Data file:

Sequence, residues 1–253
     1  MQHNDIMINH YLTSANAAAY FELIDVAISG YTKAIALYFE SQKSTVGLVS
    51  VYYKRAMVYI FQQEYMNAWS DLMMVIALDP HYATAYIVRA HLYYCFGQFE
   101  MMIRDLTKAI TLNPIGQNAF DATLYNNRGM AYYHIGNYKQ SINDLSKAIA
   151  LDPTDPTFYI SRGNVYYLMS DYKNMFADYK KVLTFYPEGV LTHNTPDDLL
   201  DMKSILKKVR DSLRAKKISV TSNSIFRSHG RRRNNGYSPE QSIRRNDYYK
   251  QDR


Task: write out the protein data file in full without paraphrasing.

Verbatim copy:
Sequence, residues 1–253
     1  MQHNDIMINH YLTSANAAAY FELIDVAISG YTKAIALYFE SQKSTVGLVS
    51  VYYKRAMVYI FQQEYMNAWS DLMMVIALDP HYATAYIVRA HLYYCFGQFE
   101  MMIRDLTKAI TLNPIGQNAF DATLYNNRGM AYYHIGNYKQ SINDLSKAIA
   151  LDPTDPTFYI SRGNVYYLMS DYKNMFADYK KVLTFYPEGV LTHNTPDDLL
   201  DMKSILKKVR DSLRAKKISV TSNSIFRSHG RRRNNGYSPE QSIRRNDYYK
   251  QDR